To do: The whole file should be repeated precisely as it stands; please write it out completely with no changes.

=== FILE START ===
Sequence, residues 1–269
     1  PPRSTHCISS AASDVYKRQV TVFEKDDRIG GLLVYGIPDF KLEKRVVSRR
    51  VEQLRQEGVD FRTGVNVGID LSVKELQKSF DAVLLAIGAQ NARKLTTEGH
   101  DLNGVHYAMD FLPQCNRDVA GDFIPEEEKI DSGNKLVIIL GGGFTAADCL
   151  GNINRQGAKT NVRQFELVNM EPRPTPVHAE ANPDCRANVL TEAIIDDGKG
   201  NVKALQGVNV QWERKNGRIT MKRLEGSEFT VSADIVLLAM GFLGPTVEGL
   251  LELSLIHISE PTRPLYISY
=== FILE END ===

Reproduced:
Sequence, residues 1–269
     1  PPRSTHCISS AASDVYKRQV TVFEKDDRIG GLLVYGIPDF KLEKRVVSRR
    51  VEQLRQEGVD FRTGVNVGID LSVKELQKSF DAVLLAIGAQ NARKLTTEGH
   101  DLNGVHYAMD FLPQCNRDVA GDFIPEEEKI DSGNKLVIIL GGGFTAADCL
   151  GNINRQGAKT NVRQFELVNM EPRPTPVHAE ANPDCRANVL TEAIIDDGKG
   201  NVKALQGVNV QWERKNGRIT MKRLEGSEFT VSADIVLLAM GFLGPTVEGL
   251  LELSLIHISE PTRPLYISY